DeVore urges us to follow United States v. Anderson, 724 F.2d 596 (7th Cir.1984), which requires that if the PSI or any portion thereof is withheld the district court must state on the record that whatever is withheld contains no impeachment material. Whether or not Anderson really requires any more of the trial judge than does Figurski, we conclude that the district court's ruling was adequate under either decision. The district court's order stated that it had reviewed the PSI in camera and would reveal to DeVore that portion of it that "in fairness" should be made available to him. More was not required.



Evidence of DeVore's past weapons conviction was properly admitted. Fed.R.Evid. 609(a) provides that a district court may admit past crime evidence if, in its discretion, it finds the evidence more probative than unfairly prejudicial. See United States v. Pierce, 792 F.2d 740, 743 (8th Cir.1986); United States v. Nabors, 761 F.2d 465, 470-71 (8th Cir.), cert. denied, 474 U.S. 851, 106 S.Ct. 148, 88 L.Ed.2d 123 (1985). We find no abuse of discretion here, particularly as the conviction was entered by stipulation, DeVore's credibility as a witness was central to the jury's resolution, and the district court gave an appropriate limiting instruction. See United States v. Johnson, 720 F.2d 519, 522 (8th Cir.1983), cert. denied, 465 U.S. 1036, 104 S.Ct. 1310, 79 L.Ed.2d 707 (1984); United States v. Young, 702 F.2d 133, 137 (8th Cir.1983). DeVore suggests, in passing, that the earlier conviction may be somehow irregular, but he has never attacked its validity.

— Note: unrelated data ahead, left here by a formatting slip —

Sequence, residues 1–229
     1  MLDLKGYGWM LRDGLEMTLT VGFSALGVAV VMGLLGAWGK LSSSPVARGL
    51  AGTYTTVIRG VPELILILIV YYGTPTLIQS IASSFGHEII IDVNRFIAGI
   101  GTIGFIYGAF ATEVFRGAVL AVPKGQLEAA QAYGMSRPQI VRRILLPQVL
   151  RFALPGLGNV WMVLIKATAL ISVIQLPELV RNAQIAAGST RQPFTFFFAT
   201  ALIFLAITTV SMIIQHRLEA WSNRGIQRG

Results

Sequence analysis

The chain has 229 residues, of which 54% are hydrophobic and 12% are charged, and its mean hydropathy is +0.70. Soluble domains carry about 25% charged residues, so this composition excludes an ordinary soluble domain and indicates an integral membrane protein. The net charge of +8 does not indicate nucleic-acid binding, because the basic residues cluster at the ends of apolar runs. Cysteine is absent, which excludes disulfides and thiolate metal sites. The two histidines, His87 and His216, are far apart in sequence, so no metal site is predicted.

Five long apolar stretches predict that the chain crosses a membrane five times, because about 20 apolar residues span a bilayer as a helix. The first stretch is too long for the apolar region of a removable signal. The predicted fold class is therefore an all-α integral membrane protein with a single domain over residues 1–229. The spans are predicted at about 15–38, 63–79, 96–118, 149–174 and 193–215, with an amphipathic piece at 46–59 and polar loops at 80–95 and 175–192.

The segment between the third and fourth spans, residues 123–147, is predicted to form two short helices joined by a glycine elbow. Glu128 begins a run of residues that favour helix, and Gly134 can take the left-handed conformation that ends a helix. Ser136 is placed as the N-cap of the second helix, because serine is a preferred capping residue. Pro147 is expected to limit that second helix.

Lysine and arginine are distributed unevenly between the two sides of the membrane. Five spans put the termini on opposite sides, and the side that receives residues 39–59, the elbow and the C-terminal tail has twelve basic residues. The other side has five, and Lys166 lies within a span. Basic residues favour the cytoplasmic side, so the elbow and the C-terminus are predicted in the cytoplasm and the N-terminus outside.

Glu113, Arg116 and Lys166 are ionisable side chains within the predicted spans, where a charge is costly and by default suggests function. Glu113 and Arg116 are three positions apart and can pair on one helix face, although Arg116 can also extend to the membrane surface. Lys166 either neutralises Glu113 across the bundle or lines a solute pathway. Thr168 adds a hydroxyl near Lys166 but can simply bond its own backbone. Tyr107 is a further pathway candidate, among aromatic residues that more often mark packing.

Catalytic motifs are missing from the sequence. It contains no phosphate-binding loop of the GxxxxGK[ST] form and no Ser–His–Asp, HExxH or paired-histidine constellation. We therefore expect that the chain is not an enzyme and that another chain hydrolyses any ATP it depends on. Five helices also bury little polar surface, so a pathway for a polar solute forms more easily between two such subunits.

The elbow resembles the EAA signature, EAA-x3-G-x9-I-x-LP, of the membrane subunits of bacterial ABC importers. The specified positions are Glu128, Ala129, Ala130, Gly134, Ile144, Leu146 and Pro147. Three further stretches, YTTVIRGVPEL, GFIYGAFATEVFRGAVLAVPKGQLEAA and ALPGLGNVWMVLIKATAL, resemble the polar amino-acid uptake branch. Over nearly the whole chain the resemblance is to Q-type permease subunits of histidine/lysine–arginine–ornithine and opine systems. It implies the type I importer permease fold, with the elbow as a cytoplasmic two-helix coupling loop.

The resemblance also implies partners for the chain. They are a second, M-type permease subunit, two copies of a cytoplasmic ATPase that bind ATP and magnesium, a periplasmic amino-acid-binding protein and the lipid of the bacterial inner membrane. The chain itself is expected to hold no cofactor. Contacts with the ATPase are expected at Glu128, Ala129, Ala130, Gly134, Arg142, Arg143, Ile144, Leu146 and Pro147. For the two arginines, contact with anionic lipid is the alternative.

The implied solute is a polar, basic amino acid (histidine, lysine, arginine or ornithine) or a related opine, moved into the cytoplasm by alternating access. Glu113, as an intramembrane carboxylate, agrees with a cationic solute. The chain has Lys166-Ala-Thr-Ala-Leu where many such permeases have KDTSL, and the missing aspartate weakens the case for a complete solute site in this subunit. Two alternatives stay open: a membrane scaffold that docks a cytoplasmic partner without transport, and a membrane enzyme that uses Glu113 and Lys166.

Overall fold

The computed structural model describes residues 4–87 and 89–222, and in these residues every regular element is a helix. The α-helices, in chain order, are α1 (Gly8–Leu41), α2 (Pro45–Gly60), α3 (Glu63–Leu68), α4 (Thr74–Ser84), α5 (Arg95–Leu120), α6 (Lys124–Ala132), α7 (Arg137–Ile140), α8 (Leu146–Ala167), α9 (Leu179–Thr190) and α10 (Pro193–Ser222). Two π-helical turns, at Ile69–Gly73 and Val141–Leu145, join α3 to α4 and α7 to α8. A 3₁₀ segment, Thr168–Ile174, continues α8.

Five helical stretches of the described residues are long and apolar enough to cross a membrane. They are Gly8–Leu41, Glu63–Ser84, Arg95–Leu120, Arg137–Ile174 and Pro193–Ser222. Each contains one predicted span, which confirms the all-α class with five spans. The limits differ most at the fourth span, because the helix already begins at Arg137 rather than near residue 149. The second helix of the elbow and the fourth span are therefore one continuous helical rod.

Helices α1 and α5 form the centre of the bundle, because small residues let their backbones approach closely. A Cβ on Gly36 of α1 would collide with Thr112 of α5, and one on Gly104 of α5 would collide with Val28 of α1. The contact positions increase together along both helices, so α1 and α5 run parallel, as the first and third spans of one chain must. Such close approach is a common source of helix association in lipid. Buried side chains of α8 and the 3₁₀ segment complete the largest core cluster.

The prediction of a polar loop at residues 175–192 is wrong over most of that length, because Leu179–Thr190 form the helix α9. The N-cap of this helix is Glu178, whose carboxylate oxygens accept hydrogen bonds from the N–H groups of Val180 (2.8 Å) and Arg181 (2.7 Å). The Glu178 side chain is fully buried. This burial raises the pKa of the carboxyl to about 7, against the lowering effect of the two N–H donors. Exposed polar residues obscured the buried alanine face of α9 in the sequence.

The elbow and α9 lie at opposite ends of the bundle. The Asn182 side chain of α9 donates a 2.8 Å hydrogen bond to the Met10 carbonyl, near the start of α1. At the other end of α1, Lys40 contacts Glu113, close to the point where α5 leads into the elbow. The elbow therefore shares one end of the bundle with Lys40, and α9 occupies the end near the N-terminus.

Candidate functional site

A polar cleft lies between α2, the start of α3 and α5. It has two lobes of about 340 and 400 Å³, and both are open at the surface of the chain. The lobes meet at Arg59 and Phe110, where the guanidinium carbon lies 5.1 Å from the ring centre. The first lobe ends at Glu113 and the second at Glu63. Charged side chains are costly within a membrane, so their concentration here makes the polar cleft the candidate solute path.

DeVore's last argument is that the government improperly vouched for one of its witnesses, an FBI agent, by stating that he had a long record of good service and no motive to lie. The government then contrasted the agent's credibility with DeVore's. This is a permissible argument. See United States v. Eley, 723 F.2d 1522, 1526 (11th Cir.1984).


The judgment of conviction is affirmed.


The district court instructed the jury and sentenced DeVore under the pre-1986 amendment version of section 922. Under the revised section 922, effective September 16, 1986, subsection (h) became incorporated in subsection (g). See 18 U.S.C. Sec. 922(g) and notes (Supp.1987). DeVore should have been tried and sentenced under section 922(g). The relevant wording of the two sections is identical, however, and neither party raised the matter on appeal. We note that this clerical error caused no prejudice to DeVore and consider it immaterial and harmless


The Honorable C. Arlen Beam, then Chief District Judge for the District of Nebraska, now a Circuit Judge for the Eighth Circuit Court of Appeals